Baltimore Sun
Jacques Kelly
October 22, 2017

Doug Wilson, an elder at West Baltimore’s Kingdom Life Church, recalled the steps he took after he was diagnosed with throat cancer.

Before going into the University of Maryland Medical Center, he put down, in writing, the steps he wanted taken during and after his seven-hour surgery.

Months after his lengthy recuperation last year, he stood Sunday morning before a class at the North Hilton Street church to talk about end-of-life planning and why it is a good idea to have in place an advance health care directive and directions on disposing of an estate.

“The surgery was lengthy, and you never know the risks during the post-surgery period,” said Wilson, his congregation’s director of community relations. “It is important to have a medical directive in place.”

Sunday’s class was the first in a series sponsored by the Maryland Faith Health Network. The class, like others to follow at other congregations, was funded by the Maryland State Department of Health. The initiative will continue until about 500 religious congregants hear the talk and receive informational documents.

“There is a general resistance to estate planning. Folks don’t want to talk about death,” said Susan Francis, deputy director of the Maryland Volunteer Lawyers Service, which is partnering with the Maryland Faith Health Network in providing the initiative.

“We find that people turn to churches when in crisis. There are really hard decisions, potentially life-and-death decisions. When you don’t have an advance health care directive, it is not clear who will make the decisions. It can get really ugly. And people can be really well intentioned, but there may not be agreement. It can cause lasting divisions in families.

“To us, churches were an effective way to reach people,” Francis said.

“You never know when an emergency is going to happen,” said Tonoah Hampton, a Kingdom Life member who addressed the class. “As a nurse for 30-some years, I’ve sat by the bedsides of patients. I also had to deal with end-of-life situations in my own family.”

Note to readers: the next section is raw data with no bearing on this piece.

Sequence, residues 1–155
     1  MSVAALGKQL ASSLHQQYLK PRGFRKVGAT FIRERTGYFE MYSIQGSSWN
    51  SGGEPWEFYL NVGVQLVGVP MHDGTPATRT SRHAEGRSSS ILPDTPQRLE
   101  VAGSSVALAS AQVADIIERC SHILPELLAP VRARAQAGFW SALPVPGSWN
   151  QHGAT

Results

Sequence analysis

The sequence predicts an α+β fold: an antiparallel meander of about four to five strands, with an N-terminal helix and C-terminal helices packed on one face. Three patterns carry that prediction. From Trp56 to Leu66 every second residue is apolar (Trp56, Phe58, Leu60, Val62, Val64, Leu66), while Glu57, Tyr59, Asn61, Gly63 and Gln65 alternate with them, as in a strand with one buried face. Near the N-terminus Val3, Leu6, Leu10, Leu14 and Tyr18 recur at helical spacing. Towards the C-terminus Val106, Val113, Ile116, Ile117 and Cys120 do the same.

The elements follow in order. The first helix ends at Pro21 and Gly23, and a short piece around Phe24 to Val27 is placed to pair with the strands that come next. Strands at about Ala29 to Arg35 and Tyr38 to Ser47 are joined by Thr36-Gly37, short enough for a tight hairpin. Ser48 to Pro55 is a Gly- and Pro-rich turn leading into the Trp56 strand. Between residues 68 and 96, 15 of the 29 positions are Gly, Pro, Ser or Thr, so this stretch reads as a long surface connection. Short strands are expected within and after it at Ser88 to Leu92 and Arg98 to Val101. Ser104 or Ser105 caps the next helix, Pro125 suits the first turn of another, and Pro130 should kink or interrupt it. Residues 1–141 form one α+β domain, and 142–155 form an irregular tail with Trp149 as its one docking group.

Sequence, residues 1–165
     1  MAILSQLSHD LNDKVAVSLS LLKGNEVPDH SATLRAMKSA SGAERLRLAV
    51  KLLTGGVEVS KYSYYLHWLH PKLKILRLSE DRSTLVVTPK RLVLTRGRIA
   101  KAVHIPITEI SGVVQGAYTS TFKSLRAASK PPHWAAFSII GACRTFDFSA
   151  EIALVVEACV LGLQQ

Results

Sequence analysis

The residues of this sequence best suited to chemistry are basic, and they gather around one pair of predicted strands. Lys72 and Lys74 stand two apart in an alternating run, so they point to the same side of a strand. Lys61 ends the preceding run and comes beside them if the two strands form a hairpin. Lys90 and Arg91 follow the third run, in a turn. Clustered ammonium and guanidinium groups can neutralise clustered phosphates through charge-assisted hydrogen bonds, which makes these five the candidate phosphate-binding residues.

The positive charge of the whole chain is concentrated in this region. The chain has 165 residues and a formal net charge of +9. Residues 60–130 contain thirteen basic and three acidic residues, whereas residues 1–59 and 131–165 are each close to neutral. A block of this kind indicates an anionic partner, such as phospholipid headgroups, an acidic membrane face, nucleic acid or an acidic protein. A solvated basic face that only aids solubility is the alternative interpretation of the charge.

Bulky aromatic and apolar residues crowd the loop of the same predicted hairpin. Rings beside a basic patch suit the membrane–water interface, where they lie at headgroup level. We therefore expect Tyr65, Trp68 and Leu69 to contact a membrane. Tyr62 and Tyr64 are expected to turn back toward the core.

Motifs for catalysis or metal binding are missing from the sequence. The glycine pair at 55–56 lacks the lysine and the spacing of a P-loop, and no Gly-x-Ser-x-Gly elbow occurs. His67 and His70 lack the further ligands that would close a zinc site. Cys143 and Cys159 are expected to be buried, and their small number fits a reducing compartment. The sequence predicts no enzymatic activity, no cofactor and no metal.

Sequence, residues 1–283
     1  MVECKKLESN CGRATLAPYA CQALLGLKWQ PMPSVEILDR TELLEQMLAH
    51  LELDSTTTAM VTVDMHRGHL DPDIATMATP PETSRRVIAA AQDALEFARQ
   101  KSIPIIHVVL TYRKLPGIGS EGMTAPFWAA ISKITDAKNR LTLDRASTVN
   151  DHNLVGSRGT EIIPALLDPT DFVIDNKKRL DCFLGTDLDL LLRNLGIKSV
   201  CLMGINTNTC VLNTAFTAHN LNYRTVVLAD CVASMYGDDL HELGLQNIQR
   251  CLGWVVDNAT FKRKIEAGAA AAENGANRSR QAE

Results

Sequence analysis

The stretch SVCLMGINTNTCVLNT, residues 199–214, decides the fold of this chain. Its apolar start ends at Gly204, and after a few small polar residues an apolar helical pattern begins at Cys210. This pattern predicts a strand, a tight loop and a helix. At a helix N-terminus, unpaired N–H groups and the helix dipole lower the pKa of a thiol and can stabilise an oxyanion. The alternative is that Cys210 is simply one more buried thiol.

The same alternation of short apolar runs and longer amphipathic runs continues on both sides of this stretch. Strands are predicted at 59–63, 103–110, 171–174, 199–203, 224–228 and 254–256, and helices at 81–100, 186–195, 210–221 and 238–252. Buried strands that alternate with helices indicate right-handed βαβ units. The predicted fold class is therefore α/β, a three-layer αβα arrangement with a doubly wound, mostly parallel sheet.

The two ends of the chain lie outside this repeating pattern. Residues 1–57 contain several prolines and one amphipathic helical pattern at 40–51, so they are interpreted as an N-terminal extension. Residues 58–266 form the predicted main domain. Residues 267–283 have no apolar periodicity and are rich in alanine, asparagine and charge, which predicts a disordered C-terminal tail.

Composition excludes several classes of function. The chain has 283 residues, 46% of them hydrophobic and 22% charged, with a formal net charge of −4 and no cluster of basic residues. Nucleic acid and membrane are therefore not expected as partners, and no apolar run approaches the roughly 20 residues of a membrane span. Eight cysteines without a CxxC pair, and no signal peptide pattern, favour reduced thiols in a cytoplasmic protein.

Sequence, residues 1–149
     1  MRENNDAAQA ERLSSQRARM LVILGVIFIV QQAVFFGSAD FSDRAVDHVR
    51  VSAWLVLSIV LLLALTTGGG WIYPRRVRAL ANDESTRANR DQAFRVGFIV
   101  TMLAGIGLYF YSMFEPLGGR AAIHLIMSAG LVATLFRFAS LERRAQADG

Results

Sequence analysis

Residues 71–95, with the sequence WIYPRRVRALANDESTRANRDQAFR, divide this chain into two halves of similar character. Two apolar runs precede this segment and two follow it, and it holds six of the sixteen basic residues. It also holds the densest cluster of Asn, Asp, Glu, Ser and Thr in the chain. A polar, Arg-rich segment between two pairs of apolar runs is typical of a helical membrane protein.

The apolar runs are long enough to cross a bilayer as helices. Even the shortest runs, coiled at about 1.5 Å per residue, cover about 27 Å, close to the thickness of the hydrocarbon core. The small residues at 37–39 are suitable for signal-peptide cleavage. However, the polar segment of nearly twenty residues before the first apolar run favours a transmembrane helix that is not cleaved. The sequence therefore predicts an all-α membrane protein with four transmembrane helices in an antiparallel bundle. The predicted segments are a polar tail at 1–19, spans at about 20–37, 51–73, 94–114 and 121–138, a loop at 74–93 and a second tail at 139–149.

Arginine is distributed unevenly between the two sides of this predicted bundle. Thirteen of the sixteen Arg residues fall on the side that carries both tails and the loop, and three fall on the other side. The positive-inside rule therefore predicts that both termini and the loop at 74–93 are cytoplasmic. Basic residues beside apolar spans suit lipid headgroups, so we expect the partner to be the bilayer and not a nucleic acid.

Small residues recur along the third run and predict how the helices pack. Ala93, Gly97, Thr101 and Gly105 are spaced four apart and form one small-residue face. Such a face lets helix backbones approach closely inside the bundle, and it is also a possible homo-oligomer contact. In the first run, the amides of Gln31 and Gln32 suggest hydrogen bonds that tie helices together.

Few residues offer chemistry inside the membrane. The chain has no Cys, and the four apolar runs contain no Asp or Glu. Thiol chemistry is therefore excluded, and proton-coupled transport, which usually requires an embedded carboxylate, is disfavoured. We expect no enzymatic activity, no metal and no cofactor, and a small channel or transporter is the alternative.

She urged members of the class to talk to family members and medical providers about what sort of care they want — and don’t want — at the end of their lives, and to do it before a medical emergency arises.

“You should ensure that your wishes are honored,” said Hampton. “This will reduce conflict in the family and with doctors.”

She said that during a medical emergency, family members can often become distraught and confused.

“There can be conflicts, which is not what you want at a time like this,” Hampton said. “Some family members will insist and believe that God is going to cure the patient with a medical miracle. Others will be just fearful. Children of the parent will not know which way to turn. An advance directive becomes a great help.”

She also told the class that creating an end-of-life document is a way of ensuring that one’s religious beliefs are honored. For example, Hampton said, members of some religious groups do not believe in blood transfusions. “A document that you have written records your health care wishes in a legally binding way,” she said. “Put it in writing so that people know.”

She also emphasized that medical directives should be done in consultation with family members. And, she told the class, you can always change your mind about end-of-life care.

“You don’t have to commit for life,” she said. “You can change these documents.”

The speakers recommended using electronic medical directives, which they said are available online through private vendors. They said that paper forms can wind up being lost or hard to find during an emergency.

Suzanne R. Schlattman, a community outreach deputy director for the Maryland Citizens’ Health Initiative who attended the class, said Maryland does not require that a health directive be signed by a notary public.

“One idea is that more people will fill out a directive if it’s easier,” she said. “We have come to religious congregations to help members be prepared spiritually and medically in the event they can’t speak for themselves.”

Schlattman said she spoke from personal experience.

“I had three sons, and every time I was preparing for a delivery, my midwife encouraged me to update my medical directive. You do this for your own wishes and to make it easier for the people caring for you,” Schlattman said.

A church member, Theresa Wilson, said that Sunday’s meeting was targeted to the leaders of the Kingdom Life congregation.

“Today’s talk was a natural fit for our leadership class,” she said. “We wanted to promote the awareness of the advance directive

“We do not know the hour” when death will come, Wilson said, “but God provides help through his people. Talking about this in a church is an appropriate place.”

Last modified: October 23, 2017